The irony here doesn't escape Hallikainen. Only a week before Skylines was released, game publisher Electronic Arts announced that it was shutting down SimCity developer Maxis' studio in Emeryville, which it acquired in 1997.

"I feel so bad about Maxis closing down," Hallikainen said. "The older SimCitys were really the inspiration for us to even consider making a city builder."

At the same time, Hallikainen admits SimCity's mistakes were Colossal Order's opportunity. "If SimCity was a huge success, which is what we expected, I don't know if Skylines would have ever happened," she said, explaining that it would have been a harder pitch to sell to Paradox if the new SimCity dominated the market.

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Comment: Re:Well, yeah (Score 1) 677

by rujasu (#49081279) Attached to: Empirical Study On How C Devs Use Goto In Practice Says "Not Harmful"

Has nothing to do with "holy prophets" or anything like that. I've done programming with and without goto, and goto is (usually) bad. I knew this before I ever heard of Dijkstra.

The study says that goto has not been a problem BECAUSE it is not being used inappropriately. Inappropriate use is exactly what Dijkstra cautioned against. So the study isn't saying anything other than that people did exactly what Dijkstra suggested they should do.

Comment: Re:Well, yeah (Score 1) 677

by rujasu (#49046887) Attached to: Empirical Study On How C Devs Use Goto In Practice Says "Not Harmful"

Stop teaching students to avoid goto so that it takes hold again, leading to bad code all over the place, so that we can empirically prove that it's a bad idea? How about we just don't do that and avoid the problem to begin with.

Unrestrained use of goto was demonstrated to be a bad idea decades ago, that's why Dijkstra recommended against it in 1968.

Comment: Re:Well, yeah (Score 1) 677

by rujasu (#49042381) Attached to: Empirical Study On How C Devs Use Goto In Practice Says "Not Harmful"

The point is that people do not generally use goto in these harmful ways because they've been warned not to. That's what skews the study in the summary. You're going to have a hard time finding that empirical evidence of how goto can lead to bad code, because one of the first things coders are taught in today's programming courses is, "Do not use goto." Meaning that the inexperienced coders who would be having these problems are avoiding the problem by not using goto. Those who are using goto are those who know the risks and how to mitigate them.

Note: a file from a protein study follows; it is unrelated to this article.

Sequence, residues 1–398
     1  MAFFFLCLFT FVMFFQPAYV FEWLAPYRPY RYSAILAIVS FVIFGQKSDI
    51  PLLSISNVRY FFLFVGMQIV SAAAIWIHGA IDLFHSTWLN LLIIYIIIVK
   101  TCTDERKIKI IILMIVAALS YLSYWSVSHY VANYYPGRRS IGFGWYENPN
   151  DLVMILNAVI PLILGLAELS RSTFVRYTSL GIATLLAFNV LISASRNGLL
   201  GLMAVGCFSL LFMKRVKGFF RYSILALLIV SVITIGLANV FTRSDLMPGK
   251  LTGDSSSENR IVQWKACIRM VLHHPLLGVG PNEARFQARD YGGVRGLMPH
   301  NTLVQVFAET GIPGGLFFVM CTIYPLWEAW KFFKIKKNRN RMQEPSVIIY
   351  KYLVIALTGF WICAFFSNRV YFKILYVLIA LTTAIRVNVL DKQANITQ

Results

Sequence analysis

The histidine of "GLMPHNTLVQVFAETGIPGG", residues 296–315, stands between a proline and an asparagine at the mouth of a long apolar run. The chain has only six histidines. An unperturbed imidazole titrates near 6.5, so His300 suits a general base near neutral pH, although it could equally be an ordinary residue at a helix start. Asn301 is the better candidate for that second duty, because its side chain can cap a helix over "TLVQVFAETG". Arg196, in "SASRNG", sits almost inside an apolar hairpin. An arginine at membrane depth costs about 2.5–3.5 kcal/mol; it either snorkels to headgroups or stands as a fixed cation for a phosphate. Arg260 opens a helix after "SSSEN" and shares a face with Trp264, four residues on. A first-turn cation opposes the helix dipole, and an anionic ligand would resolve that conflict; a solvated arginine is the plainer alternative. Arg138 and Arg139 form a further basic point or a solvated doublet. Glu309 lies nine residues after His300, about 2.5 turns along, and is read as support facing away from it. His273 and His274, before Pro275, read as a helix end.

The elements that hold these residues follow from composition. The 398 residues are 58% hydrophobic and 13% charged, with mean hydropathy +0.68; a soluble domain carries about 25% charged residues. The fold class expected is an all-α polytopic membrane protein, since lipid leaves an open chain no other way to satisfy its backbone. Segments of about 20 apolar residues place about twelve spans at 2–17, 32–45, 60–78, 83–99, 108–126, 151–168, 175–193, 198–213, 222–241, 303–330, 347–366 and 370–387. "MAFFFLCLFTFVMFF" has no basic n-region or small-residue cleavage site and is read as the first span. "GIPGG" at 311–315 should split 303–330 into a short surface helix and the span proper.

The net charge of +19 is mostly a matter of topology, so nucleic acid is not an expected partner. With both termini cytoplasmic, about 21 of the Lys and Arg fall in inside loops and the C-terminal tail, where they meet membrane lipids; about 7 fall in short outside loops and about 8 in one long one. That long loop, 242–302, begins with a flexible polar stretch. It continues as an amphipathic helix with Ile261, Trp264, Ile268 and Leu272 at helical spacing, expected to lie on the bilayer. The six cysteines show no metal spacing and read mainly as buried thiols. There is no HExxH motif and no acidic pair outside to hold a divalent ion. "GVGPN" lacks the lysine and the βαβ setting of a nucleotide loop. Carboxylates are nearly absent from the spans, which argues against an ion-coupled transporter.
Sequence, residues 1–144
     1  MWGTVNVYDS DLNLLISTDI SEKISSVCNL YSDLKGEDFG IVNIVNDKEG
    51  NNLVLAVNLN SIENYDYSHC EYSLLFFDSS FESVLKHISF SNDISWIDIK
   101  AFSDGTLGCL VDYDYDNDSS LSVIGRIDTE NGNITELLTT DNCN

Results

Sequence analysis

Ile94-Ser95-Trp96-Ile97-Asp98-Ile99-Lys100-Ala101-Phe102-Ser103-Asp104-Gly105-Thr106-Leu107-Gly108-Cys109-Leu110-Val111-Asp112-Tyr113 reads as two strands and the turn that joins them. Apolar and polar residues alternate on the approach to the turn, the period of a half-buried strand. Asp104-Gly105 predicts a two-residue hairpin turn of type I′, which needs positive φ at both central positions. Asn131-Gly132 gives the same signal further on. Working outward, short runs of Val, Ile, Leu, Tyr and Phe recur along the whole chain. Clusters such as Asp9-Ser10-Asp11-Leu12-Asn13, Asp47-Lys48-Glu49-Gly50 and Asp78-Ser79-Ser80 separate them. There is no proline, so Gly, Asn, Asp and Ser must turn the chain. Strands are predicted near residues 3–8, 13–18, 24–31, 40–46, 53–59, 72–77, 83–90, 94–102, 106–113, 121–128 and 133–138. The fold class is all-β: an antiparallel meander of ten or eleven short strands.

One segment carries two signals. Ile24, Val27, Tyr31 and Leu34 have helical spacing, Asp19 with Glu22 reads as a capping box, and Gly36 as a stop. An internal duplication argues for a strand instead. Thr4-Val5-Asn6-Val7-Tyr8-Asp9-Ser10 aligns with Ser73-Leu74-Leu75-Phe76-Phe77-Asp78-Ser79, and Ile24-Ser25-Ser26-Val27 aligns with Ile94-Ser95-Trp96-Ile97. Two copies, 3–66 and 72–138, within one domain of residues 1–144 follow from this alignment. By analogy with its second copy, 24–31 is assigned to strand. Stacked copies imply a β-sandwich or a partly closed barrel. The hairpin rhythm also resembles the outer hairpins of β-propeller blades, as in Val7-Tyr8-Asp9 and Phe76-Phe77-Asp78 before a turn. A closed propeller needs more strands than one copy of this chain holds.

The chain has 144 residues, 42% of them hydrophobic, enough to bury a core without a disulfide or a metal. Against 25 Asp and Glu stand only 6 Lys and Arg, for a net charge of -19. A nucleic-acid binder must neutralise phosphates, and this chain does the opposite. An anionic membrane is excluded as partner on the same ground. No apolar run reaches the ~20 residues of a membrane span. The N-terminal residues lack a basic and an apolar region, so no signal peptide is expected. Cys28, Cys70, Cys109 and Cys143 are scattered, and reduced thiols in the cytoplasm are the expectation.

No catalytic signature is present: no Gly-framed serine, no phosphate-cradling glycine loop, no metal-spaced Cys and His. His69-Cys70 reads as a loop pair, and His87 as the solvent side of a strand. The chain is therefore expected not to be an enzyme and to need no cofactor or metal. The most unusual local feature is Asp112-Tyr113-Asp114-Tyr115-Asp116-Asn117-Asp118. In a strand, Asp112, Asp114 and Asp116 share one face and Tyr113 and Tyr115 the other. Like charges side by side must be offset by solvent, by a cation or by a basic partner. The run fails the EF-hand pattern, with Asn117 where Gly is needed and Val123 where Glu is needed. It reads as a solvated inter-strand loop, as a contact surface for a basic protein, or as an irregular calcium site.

So, in the absence of conclusive data either way, I can only argue from my experience. I'm a programmer who has used both goto and more tightly-controlled flow control, and in my experience goto is not a good option for the vast majority of cases (particularly for inexperienced coders).

Comment: Re:all languages can be abused (Score 1) 677

by rujasu (#49040441) Attached to: Empirical Study On How C Devs Use Goto In Practice Says "Not Harmful"

Not sure what you're getting at with compilers. Once you translate a C program to assembler/machine code, most of your loops, switches, breaks, etc. all become effectively the same as goto. The problem with goto has nothing to do with the compiler, it has to do with the human being trying to read, write, and debug the code before it goes through the compiler, and with catching errors at compile-time with sane control flow, whereas with goto it will make it through the compiler and become a runtime error.

You complain about the giant if/for nests, but those huge nests will almost always become worse if you start throwing gotos in there.

Yes, goto is a tool like anything else. But it is not a tool for the common case or the common coder. Most of the time, if you're asking yourself, "should I use goto here or something else?" the answer is the something else.

If it's working, the diagnostics say it's fine. If it's not working, the diagnostics say it's fine. - A proposed addition to rules for realtime programming